Page 2/3 - Posted November 26, 2008
Unique collaboration of agencies
Wayne Trivelpiece began working on King George Island in 1976 for his PhD in zoology out of a tent camp that first season. Poland established a research station in Trivelpiece’s study area along Admiralty Bay in 1977, and until 1985, he and later Susan worked at the Henryk Arctowski Station as guests and visiting scientists of the Polish.
In 1985, NSF established a new camp (named Copacabana, or Copa) a few kilometers from Arctowski to continue the long-term study of the three Pygoscelis penguins. In 1997, NOAA incorporated the project into its Antarctic Marine Living Resources (AMLR) program established by the AMLR Convention Act of 1984, with the goal of managing the Southern Ocean resources through an ecosystem approach. Since that time, NSF and NOAA have been partners in supporting the research at Copa.
On the Peninsula
The United States passed the AMLR Act in response to an international treaty, the Convention for the Convention of the Conservation of Antarctic Marine Living Resources (CCAMLR) , established in 1982 over the concerns of krill commercial fishing. The treaty between 25 nations seeks to manage Antarctic fisheries to preserve species diversity and stabilize the entire Antarctic marine ecosystem.
About 10 years ago, NOAA invited Wayne Trivelpiece to supervise the seabird research at Copa and at the newly constructed NOAA camp on Livingston Island called Cape Shirreff. NSF and NOAA collaborate on supporting the camps, with the former opening the two facilities in October and November with its research vessel the ARSV Laurence M. Gould . NOAA’s RV Yuzhmorgeologiya, a Russian vessel, and staff then shutter the camps for the winter in March.
“The two agencies recognized the scientific and applied values of the long-term study and that it was unique in that respect. It appealed to both of them,” Wayne Trivelpiece says of the agreement. “We couldn’t do our program at all without NSF’s help. We couldn’t get anyone in to our field camps early in the year because we don’t have our own ship until January. I think this is a really great marriage for both of the agencies.”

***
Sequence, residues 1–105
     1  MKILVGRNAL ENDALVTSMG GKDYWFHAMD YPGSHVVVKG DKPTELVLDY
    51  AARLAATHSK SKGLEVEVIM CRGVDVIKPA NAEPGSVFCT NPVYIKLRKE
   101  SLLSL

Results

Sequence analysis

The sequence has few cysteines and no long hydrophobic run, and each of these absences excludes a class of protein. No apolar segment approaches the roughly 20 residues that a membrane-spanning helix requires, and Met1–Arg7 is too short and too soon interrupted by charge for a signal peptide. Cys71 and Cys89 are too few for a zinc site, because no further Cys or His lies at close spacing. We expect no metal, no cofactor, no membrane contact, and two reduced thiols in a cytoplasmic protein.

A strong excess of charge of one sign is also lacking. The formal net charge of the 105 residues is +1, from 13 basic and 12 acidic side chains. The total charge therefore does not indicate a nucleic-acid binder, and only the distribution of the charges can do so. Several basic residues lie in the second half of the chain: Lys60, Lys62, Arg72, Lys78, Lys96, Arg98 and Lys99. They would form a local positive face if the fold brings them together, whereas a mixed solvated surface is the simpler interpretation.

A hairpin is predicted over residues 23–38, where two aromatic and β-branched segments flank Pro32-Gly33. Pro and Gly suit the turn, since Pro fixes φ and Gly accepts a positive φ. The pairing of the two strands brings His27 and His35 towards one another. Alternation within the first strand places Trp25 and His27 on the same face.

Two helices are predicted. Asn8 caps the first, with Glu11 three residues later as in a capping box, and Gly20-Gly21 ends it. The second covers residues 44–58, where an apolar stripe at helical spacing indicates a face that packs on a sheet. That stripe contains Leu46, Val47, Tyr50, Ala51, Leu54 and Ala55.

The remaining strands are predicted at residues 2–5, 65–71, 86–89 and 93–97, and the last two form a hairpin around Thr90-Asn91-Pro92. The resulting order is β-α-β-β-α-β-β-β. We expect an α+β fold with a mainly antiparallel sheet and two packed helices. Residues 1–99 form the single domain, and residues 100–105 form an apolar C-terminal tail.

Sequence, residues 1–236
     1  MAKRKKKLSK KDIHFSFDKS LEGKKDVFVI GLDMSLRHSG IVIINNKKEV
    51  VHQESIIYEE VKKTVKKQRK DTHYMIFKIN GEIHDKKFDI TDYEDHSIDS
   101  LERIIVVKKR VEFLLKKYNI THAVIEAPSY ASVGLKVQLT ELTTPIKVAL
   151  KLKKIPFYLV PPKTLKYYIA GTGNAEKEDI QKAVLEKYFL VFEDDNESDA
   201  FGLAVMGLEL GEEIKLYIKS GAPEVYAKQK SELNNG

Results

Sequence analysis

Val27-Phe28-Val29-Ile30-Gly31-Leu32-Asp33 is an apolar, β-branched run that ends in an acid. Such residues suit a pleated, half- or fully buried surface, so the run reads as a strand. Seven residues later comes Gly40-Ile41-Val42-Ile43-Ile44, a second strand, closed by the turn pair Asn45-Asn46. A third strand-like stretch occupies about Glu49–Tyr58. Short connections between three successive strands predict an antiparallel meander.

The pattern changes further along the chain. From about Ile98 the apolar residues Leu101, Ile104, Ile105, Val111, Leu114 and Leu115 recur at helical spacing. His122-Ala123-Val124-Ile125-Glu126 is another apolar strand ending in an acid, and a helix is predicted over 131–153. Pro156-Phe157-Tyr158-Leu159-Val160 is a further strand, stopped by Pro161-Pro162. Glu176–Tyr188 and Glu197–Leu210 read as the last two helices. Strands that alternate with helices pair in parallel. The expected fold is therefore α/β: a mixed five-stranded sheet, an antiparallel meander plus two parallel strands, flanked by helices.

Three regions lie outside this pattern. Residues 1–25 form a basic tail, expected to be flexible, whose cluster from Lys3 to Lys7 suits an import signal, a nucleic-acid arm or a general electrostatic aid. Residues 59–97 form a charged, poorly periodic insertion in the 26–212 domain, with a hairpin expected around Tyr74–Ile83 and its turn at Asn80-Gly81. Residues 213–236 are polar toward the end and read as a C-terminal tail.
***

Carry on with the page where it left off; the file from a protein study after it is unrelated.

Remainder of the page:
More signs of climate change
For many years, however, the Trivelpieces were NSF grantees. Much has changed in the last four decades, and there are more visible signs of climate change in the Antarctic Peninsula region than what scientists are finding in the bellies of penguins.
The researchers spend many of their days hiking to penguin colonies and skua nests. Two big chinstrap colonies about 15 kilometers away used to require crossing a pair of glaciers. Two large lakes now sit in front of the glaciers.
“Those glaciers have receded so much that one has become quite dangerous to cross,” noted Susan Trivelpiece, who arrives on the island each year in October. “NSF has given us canoes to transit in front. That’s worked out well.”
Wayne Trivelpiece said the melting glaciers should be physical proof to many climate skeptics that the world is warming on a grand scale. “We are now canoeing across these mile-wide lakes where 80-foot glacier cliffs used to stand,” he said.Back 1 2 3 Next
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